"T3" is rated R like the rest of its kin, so expect some gory scenes, but there is not the excessive profanity that one found in "T2." Also expect much noise, destruction, and explosions, yet thanks to director Jonathan Mostow (who replaces James Cameron) it's all so well paced it never becomes breathless. Finally, expect even better special effects than before (computer graphics having come a long since the pioneering days of "T2"), better and more elaborate set designs, and a more open-ended and thought-provoking finish. Indeed, the finish is one of the best parts of the show.

As the prologue puts it, "The battle has just begun." The question is, with Arnold as the new governor of California, for how long will the battle be put on hold? Or will the unthinkable happen and the films go on without him? As the old serials used to say, "To be continued...."

The Film According to Big Eddie:
It may seem odd to describe a "Terminator" movie as minimalist, but "T3" is an exercise in minimalism--seemingly in spite of its $170 million budget and its filled-to-the-brim-with-destruction action sequences. Dialogue is sparse and consists mostly of one-liners. However, most of what is said is also important and worth noting. The film offers other paradoxical elements that make it more interesting than it might seem on paper. For example, the single-mindedness of the Terminators is both awe-inspiring (talk about dedication!) and boringly reductionistic. Also, for a "big" movie, it's relatively short, clocking in at about 105 minutes.

How could "T3" be only 105 minutes when "T2" ran for more than two and a half hours? Well, the makers of "T3" could've chosen any story in the world to present as a motion picture sequel to James Cameron's "T1" and "T2". They chose to make what is essentially one long chase sequence that takes place during the course of less than twenty-four hours. The Skynet-sent T-X/The Terminatrix (Kristanna Loken) and the Resistance-sent T-800 (Arnold Schwarzenegger) arrive in Los Angeles the night before the new Judgment Day date (after the original 29 August 1997 date was postponed by the events detailed in "T2"). Like its other paradoxes, the film's form is two things at once--in this case, its greatest strength and its worst weakness.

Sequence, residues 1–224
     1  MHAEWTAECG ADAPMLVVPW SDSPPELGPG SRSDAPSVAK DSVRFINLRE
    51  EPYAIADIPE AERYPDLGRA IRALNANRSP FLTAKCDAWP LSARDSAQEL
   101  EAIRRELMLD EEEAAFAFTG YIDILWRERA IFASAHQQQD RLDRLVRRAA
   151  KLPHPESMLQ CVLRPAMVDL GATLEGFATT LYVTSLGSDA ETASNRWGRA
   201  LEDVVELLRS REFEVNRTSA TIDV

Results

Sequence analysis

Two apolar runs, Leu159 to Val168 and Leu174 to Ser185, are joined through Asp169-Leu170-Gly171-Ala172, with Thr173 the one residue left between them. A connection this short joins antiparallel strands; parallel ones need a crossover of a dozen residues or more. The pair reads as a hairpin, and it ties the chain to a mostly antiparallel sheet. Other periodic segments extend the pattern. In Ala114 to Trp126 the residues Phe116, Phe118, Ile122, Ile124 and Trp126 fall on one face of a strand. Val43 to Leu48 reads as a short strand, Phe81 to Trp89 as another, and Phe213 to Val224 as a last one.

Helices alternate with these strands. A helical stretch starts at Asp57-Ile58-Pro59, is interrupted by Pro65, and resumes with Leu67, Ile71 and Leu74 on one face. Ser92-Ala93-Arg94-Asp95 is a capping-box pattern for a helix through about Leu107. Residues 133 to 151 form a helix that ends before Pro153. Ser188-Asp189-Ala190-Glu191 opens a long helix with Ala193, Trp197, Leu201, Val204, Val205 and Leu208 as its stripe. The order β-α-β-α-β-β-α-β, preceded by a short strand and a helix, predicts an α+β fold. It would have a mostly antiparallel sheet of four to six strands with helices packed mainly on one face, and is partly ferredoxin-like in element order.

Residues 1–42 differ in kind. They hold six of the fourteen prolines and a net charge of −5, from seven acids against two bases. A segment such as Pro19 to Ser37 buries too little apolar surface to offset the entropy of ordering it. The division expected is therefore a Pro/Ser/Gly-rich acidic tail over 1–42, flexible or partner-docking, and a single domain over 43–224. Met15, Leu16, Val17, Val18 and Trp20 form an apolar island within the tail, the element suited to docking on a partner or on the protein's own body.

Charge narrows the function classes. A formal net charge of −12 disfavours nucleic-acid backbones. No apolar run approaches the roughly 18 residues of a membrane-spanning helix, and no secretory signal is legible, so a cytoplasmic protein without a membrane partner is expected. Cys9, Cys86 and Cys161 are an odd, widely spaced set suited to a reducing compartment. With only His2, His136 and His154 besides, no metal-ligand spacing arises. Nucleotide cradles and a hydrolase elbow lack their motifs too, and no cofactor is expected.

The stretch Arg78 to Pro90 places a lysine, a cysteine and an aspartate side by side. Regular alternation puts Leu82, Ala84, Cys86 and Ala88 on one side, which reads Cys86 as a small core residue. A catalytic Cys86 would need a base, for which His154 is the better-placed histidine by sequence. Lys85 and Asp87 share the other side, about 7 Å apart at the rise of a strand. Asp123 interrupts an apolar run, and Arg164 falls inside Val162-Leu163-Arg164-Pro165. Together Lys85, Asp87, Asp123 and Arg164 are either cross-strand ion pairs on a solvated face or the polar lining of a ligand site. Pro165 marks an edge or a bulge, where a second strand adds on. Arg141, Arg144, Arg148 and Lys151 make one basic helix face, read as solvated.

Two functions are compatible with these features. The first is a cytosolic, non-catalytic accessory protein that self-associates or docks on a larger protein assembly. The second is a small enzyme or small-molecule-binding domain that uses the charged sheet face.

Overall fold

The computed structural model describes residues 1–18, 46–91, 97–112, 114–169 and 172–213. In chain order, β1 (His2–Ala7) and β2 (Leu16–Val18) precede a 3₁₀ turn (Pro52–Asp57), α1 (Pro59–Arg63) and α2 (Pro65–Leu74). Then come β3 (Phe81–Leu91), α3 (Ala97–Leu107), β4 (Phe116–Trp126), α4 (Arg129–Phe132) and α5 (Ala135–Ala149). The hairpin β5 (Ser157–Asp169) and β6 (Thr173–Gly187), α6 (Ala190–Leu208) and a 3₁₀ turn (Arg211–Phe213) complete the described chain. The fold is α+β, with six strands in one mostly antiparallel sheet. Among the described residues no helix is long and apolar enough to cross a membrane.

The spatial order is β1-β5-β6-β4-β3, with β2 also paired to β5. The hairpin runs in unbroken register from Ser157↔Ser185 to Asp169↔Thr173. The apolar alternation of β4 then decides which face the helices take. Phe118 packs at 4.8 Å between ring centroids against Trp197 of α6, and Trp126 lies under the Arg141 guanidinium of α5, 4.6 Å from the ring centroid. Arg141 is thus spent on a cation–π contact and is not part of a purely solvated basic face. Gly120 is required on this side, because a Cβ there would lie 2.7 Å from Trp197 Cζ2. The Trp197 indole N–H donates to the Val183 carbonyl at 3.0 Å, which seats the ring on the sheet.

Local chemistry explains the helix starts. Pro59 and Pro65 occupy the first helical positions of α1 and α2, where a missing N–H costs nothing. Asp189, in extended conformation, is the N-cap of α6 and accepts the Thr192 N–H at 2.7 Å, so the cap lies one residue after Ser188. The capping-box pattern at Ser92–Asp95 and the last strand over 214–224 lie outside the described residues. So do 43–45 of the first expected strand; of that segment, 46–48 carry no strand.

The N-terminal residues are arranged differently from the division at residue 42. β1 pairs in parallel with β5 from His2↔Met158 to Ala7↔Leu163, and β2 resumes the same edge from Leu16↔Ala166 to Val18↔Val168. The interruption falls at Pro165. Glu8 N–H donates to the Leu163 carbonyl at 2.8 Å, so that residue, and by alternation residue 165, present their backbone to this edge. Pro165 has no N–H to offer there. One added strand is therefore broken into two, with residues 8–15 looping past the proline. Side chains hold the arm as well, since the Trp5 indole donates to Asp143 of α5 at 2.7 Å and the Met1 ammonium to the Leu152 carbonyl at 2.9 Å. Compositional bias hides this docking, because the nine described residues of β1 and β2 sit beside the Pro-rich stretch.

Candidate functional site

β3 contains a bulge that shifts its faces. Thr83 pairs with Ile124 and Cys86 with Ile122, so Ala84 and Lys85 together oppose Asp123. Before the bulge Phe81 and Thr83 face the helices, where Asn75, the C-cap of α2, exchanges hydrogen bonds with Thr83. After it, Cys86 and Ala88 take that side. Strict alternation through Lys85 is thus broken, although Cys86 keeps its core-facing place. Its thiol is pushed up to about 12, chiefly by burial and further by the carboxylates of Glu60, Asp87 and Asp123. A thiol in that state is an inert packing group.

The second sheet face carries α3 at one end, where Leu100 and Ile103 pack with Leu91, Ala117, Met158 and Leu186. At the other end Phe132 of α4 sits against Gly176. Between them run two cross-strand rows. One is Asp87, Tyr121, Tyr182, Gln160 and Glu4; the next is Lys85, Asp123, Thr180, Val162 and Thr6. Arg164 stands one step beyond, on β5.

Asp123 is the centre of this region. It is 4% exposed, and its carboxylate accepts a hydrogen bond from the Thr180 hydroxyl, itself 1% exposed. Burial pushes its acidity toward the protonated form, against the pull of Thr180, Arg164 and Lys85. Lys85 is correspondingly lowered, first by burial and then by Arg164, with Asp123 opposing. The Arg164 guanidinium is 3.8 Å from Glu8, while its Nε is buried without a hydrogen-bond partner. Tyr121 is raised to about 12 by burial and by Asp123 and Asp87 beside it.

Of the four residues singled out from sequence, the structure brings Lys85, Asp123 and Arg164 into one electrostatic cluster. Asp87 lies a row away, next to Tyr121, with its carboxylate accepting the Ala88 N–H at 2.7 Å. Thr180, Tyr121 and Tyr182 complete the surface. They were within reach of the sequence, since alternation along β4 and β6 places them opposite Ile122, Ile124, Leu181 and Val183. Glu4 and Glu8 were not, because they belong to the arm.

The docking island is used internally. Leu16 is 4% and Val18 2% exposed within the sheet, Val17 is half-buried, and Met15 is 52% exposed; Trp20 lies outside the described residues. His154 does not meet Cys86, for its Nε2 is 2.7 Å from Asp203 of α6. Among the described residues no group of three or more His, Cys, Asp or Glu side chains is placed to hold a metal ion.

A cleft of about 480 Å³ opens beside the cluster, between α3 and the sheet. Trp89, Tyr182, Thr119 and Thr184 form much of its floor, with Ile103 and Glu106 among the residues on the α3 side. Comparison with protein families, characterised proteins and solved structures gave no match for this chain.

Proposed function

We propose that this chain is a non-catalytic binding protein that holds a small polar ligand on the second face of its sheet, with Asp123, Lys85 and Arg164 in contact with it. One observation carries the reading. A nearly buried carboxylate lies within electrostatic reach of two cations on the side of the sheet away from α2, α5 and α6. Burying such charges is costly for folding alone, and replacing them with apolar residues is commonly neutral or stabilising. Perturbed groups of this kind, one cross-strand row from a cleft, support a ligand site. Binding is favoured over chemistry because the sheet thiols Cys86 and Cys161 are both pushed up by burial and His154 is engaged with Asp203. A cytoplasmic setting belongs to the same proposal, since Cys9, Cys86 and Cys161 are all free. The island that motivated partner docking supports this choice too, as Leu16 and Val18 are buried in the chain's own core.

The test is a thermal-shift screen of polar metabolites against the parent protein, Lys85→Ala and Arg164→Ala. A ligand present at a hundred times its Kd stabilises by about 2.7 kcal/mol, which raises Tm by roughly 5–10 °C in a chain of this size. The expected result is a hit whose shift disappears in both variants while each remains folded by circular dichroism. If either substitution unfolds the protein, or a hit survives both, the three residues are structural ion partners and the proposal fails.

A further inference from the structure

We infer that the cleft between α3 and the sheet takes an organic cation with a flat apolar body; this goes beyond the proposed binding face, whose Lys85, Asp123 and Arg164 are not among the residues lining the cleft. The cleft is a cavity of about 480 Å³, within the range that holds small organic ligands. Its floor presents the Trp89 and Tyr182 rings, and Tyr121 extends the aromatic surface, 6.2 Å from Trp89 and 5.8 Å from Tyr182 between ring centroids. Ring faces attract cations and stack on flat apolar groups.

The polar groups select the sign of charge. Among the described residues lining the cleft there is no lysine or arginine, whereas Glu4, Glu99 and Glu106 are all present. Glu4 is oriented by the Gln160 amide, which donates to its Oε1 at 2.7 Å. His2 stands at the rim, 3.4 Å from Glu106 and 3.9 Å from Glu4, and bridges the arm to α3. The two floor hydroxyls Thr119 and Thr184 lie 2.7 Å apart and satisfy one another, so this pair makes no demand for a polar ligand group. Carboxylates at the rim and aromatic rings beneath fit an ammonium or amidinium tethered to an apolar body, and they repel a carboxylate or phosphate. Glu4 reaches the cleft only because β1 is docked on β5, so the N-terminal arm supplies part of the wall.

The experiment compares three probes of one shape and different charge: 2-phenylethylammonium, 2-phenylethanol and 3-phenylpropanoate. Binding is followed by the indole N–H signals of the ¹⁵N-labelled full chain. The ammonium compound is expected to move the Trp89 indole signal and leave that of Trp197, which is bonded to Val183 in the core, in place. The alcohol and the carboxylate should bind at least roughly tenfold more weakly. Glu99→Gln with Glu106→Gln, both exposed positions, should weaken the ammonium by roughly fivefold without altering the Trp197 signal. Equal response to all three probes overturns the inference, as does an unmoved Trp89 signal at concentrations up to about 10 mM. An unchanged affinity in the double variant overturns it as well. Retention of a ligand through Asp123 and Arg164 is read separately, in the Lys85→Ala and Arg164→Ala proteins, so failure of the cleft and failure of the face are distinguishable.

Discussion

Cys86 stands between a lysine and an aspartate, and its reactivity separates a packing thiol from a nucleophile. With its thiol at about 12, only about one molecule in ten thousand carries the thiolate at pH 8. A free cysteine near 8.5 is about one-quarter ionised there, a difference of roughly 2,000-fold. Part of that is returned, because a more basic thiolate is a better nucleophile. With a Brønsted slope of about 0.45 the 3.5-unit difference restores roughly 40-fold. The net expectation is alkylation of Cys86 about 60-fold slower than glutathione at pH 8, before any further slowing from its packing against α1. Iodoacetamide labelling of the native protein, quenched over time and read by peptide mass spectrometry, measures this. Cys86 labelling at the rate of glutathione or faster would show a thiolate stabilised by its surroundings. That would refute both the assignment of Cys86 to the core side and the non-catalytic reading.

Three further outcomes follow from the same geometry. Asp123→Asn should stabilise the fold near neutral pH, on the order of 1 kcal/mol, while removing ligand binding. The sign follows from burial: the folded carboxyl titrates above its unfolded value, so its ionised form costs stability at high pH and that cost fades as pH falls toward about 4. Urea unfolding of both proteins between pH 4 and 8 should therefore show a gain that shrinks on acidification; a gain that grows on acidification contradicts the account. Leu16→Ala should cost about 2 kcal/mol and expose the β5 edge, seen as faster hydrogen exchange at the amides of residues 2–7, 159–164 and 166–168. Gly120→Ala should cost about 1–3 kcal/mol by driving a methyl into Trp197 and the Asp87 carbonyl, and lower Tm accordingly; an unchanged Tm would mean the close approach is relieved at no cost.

"T3" is the closest thing that I've seen to a perpetual motion machine when it comes to the movies. The incredibly powerful Terminators give the Energizer Bunny a run for its money when it comes to going and going and going. Audiences are left to their own devices when it comes to trying to catch a breath.

In "T3", another T-800 is sent from the future to the present in order to protect John Conner (Nick Stahl) from assassination by a Skynet operative. The T-800 is also programmed to protect Kate Brewster (Claire Danes), a veterinarian who becomes a key figure in the future human Resistance. Basically, from the time that John Conner, Kate Brewster, the T-800, and the T-X meet, the film becomes one extended fight. You thought that "Black Hawk Down" was a gruelingly brutal sit? Well, now you'll have to deal with "T3", which arguably has more mayhem in less time than "Black Hawk Down". The action set pieces are astonishing in their total disregard for anything--just about everything that you see on the screen is totaled.

It wouldn't be accurate to write that nothing really happens in "T3" despite its adherence to car chases, foot chases, and explosions. Still, watching the film isn't mentally taxing, though it is physically challenging. Halfway through the movie, I started developing a headache, and I still have it while writing this review.

There are two other major weaknesses that make "T3" a disappointment. The first thing that you notice about "T3" is that several sequences quote the first two movies as if the filmmakers are desperate to earn audiences' recognition that this indeed is a legitimate sequel to James Cameron's vision. Schwarzenegger's entrance in "T3" is basically a parody of his entrance in "T2". The first long car chase sequence in "T3" is basically the first long car chase sequence in "T2" done with two big trucks instead of one. The scene with Schwarzenegger dealing with a bunch of cops in "T3" is a lift from the mini-gun scene in "T2"--right down to the T-800's zero percent human casualty assessment. Even the final showdown between the two Terminators involves the kind of resolution that the T-800 used in "T2". (Don't worry--I haven't given away the ending, for there's more to the "T3" finale than just two Terminators fighting each other.) The other fault is the lack of the "Terminator" music theme composed by Brad Fiedel. Marco Beltrami's score is an indistinct muddle, and the few times that it played the "RE-MI-FA" notes, it sounded like a half-hearted attempt to "re-imagine" Fiedel's compositions. "T3" demonstrates that you don't need James Cameron to be directing to make a "Terminator" sequel, but why didn't the filmmakers use Fiedel's "Terminator" theme during the movie instead of only over the closing credits?